Dr Chris Chapman
Research voyage to the East Australian Current (EAC) off Brisbane to recover a long-term deep-water mooring array for monitoring of ocean and climate.
The long-term ocean monitoring by the EAC deep-water mooring array, a component of the Integrated Marine Observing System (IMOS), is central to our understanding of the relationship between global ocean and climate variability. The EAC is the complex and highly energetic western boundary current of the South Pacific Ocean. It is the dominant mechanism for the redistribution of heat and freshwater between the ocean and atmosphere in the Australian region.
The primary voyage objective is to recover six deep-water moorings in waters off Brisbane from the continental shelf (500 m depth) to abyssal waters (5000 m depth).
There are 3other projects included on this voyage:
- Sub-bottom profiling of SE Queensland Bulge (Dr Helen Bostock, UQ): Collection of opportunistic sub-bottom profiles of the SE Queensland ‘bulge’ area to identify possible future coring sites.
- Argo float deployments (Dr Peter Oke, CSIRO): Two standard Argo floats will be deployed during the voyage as part of the international Argo program.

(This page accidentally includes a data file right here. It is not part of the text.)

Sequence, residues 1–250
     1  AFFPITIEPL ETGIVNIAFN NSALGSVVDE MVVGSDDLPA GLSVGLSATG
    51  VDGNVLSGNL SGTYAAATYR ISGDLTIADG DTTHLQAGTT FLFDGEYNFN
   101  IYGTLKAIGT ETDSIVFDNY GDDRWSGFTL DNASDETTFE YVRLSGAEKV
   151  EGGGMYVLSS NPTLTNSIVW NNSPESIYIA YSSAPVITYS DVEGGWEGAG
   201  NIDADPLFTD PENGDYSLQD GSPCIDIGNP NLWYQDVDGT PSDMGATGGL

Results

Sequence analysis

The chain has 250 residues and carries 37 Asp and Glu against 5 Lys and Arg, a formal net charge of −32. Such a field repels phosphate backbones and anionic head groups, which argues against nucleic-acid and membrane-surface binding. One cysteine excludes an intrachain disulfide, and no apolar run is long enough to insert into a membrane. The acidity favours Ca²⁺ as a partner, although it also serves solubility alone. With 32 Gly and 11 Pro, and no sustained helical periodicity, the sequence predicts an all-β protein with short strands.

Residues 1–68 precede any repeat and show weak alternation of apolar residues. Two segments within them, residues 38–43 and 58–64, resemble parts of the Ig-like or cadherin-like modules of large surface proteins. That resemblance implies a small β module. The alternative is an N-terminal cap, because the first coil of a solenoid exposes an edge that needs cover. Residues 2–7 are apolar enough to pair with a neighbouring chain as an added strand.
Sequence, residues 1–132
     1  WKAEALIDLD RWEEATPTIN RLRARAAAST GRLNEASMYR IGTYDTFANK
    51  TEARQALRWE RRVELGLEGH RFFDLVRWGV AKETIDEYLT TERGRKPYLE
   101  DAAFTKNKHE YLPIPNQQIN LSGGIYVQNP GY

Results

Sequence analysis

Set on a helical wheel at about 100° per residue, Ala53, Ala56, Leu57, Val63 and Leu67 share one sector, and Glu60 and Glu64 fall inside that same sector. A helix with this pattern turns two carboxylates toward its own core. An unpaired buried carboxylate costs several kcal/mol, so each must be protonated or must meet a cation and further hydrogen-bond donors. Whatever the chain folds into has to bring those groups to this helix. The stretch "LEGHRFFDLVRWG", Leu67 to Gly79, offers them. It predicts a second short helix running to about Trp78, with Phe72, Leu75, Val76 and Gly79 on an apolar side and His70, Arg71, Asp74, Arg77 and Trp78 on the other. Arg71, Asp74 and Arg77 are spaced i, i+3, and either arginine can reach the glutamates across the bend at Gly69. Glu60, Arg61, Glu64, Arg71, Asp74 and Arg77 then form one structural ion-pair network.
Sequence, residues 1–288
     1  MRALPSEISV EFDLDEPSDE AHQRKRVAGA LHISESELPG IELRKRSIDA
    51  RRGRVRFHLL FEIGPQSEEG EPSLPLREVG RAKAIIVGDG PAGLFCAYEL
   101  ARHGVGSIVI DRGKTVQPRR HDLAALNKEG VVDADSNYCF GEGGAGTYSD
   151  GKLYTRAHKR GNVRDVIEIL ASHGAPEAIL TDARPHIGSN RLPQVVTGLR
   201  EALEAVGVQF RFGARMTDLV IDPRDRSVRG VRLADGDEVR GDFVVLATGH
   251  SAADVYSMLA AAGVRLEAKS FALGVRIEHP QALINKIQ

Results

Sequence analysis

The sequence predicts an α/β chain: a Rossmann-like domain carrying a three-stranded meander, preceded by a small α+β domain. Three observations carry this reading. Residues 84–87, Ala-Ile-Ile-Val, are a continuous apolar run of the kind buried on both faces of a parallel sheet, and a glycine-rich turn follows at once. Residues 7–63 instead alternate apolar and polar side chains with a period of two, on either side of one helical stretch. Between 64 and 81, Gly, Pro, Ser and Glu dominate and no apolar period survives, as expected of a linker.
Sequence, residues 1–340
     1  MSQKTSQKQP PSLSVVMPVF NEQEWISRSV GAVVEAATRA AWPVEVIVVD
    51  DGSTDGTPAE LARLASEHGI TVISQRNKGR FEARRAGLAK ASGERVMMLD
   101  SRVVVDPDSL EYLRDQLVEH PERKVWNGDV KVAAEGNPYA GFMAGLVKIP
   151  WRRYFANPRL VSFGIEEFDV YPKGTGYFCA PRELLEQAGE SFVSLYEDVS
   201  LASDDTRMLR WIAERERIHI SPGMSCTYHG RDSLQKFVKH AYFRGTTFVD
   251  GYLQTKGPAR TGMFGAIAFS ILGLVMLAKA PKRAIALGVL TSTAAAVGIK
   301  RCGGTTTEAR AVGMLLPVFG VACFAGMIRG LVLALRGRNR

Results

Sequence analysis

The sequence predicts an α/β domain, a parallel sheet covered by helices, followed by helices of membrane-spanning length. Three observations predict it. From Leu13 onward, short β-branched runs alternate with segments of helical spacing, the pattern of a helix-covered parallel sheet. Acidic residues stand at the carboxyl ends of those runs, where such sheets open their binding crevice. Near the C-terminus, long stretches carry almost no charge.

- Indigenous Time at Sea Scholarship (Dr Ben Arthur, CSIRO): Two Indigenous university students will be on the voyage to gain experience and training in at-sea research operations.
The science team on this voyage will have 25 science participants (and 21 crew) representing four institutions.
To safeguard the health and well-being of participants, strict COVID-19 protocols apply to all activities on this voyage. This includes a 7-day quarantine on shore and 3-phase PCR testing of all participants for COVID-19 prior to boarding the vessel.
This voyage supported the long-term monitoring of the East Australian Current (EAC) off eastern Australia through the recovery of an array of six full-depth current meter and property (temperature, salinity and pressure) moorings from the continental slope to the abyssal waters off Brisbane. As a result of this voyage, we have extended the time-series of direct observations of the seasonality variability of the EAC. The voyage also enabled extensively sampling of the interaction between a large scale meso-scale eddy, small scale frontal eddy and the EAC. The preliminary investigation of a potentially super-productive submarine canyon was also undertaken.
This project has increased our understanding of the EAC influences on climate, leading to more reliable forecasts for eastern Australia and coastal communities, and improved management of east coast fisheries. The observations being made will be used by the national and international community to improve our understanding of complexity and variability of the heat and salt transport from the tropics to the Tasman Sea, over a range of temporal and spatial scales.
Furthermore, the voyage also provided important education and training opportunities to help develop and train Australia’s future generation of marine experts. This included at-sea training for two doctoral students and four undergraduate students – including two students in the Indigenous Time at Sea Scholarship offered by CSIRO – from four Australian universities.
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